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]]>Cronbach and Furby (1970) title their seminal paper on change: “How we should measure change or should we?” The last line is quite interesting, “or should we?” Is change so difficult to measure that is is not worth our time? Cronbach and Furby presented the difficulties in measuring change and presented a potential alternative. Since that time, additional models of change have proposed. This paper will walk through some difficulties that we still face today and present a type of model that might get around these issues. This type of modeling may also allow us to find leading indicators of the change process that get at causal mechanisms. In combination with longitudinal research, we can get much closer to figuring out potential causal mechanisms.

Cronbach and Furby (1970) titled their seminal paper on change: “How we should measure change or should we?” The last line, “or should we,” is quite interesting. Is change so difficult to measure that is not worth our time? Cronbach and Furby (1970) presented the difficulties in measuring change and presented a potential alternative. There have been many great advancements in measuring change in the past 50 years. Much of the success is due to better computing power for advanced longitudinal techniques.

David Kenny (Campbell & Kenny, 2003) discussed two of the main historical mechanisms of change. The most commonly used method was a simple difference score. With this method, we simply subtract time 2 from time 1 and then you have an indicator of how the person changes. So, if a person has a score of 100 at time 2 and a score of 99 at time 1, then he/she has a change score of 1. The simplicity of this method is one of its biggest benefits. We have an easily understandable number of how much a person has changed. There are a few issues with this type of change. First, we assume that the measure has no error. However, it is safe to assume that our measurement has error. Second, the original metric that the measure was taken on needs to be considered, as the variance is not factored into the change score. For example, we do not know if a change from 100 to 99 is a bigger or smaller change than the change from 1000 to 900 as we do not have information about variability included (either within the individual or group variability).

To account for variance, we can create a regression change score. To get a regression change score, we regress time 2 on time 1. The residual, or what is left over in time 2 after time 1, is the regression change score or what is assumed to be change. In Figure 1 below, we can see the regression change score as signified by the residual.

The regression change score has a benefit of accounting for variance. This method loses some of the benefit of the simplicity found in the simple change score methods. It also still has the same issue of the assumption that the measure has no error. Cross-lagged regression models also suffer from this problem that assumes the variables are measured without error.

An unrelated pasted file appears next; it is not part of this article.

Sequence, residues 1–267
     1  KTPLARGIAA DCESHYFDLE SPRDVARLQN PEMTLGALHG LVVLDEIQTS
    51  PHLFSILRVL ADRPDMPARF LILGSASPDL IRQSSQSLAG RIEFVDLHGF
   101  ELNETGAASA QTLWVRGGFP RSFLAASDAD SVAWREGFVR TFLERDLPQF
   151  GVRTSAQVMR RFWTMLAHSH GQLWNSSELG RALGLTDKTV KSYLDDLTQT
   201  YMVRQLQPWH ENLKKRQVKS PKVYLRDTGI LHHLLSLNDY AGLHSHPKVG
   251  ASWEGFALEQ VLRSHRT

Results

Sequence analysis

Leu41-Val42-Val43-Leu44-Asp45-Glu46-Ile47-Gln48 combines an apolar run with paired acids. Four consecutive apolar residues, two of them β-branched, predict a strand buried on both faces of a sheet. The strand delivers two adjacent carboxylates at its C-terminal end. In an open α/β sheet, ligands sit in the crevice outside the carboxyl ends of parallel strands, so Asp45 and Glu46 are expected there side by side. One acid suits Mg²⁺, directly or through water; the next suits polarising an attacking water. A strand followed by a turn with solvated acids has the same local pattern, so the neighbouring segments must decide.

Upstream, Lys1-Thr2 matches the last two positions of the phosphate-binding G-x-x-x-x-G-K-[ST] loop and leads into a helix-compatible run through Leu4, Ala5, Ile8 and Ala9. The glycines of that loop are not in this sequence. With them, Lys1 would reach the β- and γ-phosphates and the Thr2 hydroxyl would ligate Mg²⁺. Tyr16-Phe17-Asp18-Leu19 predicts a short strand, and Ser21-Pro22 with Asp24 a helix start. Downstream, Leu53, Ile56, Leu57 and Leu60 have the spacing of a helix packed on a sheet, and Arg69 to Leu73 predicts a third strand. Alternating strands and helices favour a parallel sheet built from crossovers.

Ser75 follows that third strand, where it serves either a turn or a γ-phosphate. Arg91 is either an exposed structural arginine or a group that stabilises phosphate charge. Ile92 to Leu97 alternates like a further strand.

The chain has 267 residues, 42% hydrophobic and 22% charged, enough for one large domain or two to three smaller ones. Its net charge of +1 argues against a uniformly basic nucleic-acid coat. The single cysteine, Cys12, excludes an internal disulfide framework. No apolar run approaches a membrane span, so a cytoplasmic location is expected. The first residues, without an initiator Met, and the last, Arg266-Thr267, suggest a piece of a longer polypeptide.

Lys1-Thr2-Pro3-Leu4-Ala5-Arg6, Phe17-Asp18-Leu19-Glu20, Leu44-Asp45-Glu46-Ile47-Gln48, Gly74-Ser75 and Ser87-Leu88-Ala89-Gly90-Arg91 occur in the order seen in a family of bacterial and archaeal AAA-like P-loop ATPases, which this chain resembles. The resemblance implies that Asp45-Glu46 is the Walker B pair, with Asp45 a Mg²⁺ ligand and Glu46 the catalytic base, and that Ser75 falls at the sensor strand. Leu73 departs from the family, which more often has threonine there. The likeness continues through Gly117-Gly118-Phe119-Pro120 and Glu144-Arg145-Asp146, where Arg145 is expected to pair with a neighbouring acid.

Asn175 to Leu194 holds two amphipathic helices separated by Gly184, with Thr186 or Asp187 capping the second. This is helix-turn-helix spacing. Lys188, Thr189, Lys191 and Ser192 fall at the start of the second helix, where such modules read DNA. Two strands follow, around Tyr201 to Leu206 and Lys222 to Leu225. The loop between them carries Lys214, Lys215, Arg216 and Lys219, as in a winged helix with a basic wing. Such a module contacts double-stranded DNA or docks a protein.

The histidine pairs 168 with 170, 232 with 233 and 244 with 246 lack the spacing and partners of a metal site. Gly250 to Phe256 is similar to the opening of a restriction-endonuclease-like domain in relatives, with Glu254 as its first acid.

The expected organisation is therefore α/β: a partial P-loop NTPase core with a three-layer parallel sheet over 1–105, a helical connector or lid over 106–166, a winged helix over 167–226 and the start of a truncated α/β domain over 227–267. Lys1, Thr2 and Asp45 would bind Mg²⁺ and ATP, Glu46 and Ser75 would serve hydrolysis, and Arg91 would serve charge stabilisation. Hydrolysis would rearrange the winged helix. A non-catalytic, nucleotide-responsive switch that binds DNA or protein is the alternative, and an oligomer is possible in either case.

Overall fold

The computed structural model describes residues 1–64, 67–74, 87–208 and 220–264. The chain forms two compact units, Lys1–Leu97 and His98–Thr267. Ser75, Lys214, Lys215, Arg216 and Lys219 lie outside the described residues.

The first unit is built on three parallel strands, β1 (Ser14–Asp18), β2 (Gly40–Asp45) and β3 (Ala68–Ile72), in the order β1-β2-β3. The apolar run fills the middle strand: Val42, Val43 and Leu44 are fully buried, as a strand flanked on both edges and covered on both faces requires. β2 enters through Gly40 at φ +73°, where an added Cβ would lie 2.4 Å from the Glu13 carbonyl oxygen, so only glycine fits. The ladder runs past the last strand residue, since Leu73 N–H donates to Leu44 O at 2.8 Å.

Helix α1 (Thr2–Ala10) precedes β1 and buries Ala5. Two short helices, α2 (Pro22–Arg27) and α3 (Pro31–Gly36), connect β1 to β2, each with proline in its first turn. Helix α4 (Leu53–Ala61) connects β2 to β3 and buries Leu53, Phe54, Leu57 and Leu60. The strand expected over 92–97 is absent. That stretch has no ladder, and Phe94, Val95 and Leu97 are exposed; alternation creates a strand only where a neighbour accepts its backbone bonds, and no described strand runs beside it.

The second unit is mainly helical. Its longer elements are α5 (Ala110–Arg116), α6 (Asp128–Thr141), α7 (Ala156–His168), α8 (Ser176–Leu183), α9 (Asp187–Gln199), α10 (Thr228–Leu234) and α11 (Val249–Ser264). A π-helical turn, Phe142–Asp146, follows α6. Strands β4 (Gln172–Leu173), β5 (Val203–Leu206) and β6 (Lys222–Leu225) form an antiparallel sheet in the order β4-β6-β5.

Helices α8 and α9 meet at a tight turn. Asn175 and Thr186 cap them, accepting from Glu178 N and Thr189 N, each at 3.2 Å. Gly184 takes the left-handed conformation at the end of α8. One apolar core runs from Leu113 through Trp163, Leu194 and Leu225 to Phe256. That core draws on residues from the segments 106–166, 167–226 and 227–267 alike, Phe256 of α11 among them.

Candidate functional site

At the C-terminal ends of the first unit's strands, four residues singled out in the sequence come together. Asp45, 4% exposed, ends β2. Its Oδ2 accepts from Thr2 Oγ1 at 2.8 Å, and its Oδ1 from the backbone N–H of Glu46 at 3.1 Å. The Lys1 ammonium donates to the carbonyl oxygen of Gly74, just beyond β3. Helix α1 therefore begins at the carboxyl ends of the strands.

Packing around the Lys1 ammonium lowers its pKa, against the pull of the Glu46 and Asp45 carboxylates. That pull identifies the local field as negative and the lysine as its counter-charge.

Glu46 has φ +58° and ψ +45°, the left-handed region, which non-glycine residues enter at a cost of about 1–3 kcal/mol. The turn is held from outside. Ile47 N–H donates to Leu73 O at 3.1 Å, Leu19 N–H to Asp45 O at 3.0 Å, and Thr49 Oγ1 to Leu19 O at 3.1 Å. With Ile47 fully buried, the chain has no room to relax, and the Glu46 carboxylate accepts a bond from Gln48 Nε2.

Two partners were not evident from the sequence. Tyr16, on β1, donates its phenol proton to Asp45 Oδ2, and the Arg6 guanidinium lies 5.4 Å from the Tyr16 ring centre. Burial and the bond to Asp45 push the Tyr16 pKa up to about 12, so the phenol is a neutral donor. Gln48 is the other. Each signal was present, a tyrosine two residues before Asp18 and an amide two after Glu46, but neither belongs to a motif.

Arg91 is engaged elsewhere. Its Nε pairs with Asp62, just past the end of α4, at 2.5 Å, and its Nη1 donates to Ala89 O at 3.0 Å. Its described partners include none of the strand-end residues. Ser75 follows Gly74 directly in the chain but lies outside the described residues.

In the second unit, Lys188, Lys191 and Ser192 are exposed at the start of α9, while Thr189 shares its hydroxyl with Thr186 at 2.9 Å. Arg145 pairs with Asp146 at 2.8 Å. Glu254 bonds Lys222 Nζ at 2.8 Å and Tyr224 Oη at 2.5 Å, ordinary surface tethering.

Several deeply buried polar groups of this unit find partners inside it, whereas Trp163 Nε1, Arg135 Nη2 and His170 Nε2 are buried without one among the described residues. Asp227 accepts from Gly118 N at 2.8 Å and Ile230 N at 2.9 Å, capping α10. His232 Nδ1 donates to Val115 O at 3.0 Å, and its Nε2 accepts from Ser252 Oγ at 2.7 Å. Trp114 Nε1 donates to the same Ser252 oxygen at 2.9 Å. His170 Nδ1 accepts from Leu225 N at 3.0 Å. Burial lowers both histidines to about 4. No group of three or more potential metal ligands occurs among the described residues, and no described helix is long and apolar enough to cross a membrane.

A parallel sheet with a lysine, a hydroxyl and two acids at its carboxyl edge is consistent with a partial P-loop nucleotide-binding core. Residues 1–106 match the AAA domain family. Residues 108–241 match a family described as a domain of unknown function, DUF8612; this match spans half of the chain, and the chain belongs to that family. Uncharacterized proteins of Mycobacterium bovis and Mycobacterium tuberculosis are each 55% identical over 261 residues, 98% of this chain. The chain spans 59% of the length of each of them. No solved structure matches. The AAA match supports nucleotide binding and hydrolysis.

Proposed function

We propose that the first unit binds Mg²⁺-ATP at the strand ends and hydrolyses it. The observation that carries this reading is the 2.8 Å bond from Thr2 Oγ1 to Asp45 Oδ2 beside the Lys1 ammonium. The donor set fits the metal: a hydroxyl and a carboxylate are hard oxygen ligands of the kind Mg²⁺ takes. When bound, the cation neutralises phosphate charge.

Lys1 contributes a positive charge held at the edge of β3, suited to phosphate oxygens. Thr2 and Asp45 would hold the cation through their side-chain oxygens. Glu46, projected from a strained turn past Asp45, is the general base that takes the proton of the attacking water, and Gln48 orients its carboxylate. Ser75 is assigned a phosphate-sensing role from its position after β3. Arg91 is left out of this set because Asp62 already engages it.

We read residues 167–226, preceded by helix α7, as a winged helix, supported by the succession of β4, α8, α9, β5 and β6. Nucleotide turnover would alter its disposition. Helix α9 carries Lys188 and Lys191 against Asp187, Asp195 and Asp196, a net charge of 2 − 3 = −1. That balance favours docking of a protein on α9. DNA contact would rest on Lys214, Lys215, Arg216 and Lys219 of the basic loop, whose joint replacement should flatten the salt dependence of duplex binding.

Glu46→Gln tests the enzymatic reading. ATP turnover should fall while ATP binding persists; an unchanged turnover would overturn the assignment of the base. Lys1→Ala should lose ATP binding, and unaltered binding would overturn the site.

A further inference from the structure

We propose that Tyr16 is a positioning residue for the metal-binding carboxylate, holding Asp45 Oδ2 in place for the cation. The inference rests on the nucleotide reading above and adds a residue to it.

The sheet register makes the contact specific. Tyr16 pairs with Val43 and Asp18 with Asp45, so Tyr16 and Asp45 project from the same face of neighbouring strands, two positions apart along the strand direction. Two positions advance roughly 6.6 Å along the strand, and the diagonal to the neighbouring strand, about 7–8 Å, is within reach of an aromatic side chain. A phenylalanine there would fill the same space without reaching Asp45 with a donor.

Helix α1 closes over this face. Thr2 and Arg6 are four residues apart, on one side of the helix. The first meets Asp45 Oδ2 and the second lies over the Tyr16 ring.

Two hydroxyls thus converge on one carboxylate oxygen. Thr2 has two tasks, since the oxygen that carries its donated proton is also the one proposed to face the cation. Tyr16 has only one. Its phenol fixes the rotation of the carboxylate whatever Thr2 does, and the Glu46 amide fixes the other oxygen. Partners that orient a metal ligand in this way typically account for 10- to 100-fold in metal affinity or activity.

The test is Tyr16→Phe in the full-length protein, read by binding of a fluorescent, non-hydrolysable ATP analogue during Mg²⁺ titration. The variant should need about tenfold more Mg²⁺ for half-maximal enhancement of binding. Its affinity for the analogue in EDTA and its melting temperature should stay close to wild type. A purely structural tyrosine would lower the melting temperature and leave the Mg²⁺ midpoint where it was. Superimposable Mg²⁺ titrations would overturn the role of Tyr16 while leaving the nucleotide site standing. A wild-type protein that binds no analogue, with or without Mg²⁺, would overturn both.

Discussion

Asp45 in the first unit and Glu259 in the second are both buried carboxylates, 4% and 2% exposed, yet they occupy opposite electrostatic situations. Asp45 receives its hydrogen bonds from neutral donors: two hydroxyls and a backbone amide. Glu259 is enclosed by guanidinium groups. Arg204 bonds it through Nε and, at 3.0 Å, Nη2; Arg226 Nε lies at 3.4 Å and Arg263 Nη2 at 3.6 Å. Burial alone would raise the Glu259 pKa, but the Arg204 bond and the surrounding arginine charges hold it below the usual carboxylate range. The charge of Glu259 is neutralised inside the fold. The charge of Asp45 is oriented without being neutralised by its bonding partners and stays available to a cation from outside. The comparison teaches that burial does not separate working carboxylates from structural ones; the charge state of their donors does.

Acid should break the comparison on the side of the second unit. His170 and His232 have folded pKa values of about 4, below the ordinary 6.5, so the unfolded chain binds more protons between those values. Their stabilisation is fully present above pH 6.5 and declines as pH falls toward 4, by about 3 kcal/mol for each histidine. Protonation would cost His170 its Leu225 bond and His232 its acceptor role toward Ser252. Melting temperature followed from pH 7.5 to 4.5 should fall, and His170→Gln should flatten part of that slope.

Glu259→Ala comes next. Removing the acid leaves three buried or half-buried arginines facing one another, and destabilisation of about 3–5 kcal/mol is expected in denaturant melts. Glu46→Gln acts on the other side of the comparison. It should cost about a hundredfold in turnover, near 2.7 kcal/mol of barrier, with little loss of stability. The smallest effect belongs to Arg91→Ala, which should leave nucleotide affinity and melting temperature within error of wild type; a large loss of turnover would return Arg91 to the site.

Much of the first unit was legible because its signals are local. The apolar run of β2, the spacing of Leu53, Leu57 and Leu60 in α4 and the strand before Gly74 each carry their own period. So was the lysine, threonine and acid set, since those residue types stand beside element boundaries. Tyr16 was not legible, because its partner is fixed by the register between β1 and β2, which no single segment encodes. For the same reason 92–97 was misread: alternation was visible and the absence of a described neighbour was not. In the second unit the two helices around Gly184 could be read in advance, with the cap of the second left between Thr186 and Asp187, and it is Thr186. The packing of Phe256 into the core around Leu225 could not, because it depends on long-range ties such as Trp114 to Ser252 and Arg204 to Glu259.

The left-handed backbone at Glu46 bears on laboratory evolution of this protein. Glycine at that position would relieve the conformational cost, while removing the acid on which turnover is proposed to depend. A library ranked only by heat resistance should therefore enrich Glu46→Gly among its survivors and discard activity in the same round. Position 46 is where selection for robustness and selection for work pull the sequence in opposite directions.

By using latent variables, we can parse variance into two components: the true score and the error of measurement. By pulling out the error, we are left with a latent variable related to our construct of interest. Saying it in the most optimistic way, we are left with a pure score.

By combining latent variables with regression change scores, we can build a model that benefits from both methods. If we were to regress the latent score at time 2 on the latent score at time 1, we would be left with a change from one time to the other. We could say that this is change without the error of measurement included or pure change.

McArdle and Hamagami (2001) expanded this model with a second change process occurring in parallel (bivariate latent difference score model). These parallel change processes could influence one another. That is, we can now see when they influence each other, which is more than just saying these change processes are related to each other. Thus, we can look at leading indicators of change. In the below figure, we modeled how father’s anger influenced the child’s externalizing problems, as well as the reciprocal relationship. The main advantage of this model is that we can see the influence of one variable on the change of the other while the person is developing. That is, we can see when and how a process unfolds. Below is a figure displaying how father’s anger (Fang) and the child’s externalizing problems can each affect the other’s change. In this model, we found that each member of the dyad affects the other’s change process. That is, there is a reverberating effect of one member of the dyad leading to a worse outcome in the other, which in turn, leads to a future worst effect in the first member.

The trivariate model adds in another process (e.g., the mother influencing the father and child). We can now examine how one process is influenced by the combination of the other two. In the (simplified) figure below, we can see the mother influencing the change process in the father and child, as well as each other member influencing the other two. This type of modeling allows us to better investigate protective factors and exacerbating factors. We can also investigate how three cognitive factors influence each other over time.

For more information on this presentation contact Emily Bailey (Emily.Nicole.Bailey@live.mercer.edu). For more information on the trivariate latent difference score contact Craig Marker (marker_cd@mercer.edu).

Parental Psychological Distress Interacting to Influence Child Internalizing Behaviors Presented at the 2019 WCBCT Conference in Berlin, Germany

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This presentation discussed the bidirectional relationship between maternal anxiety and child externalizing behavior.

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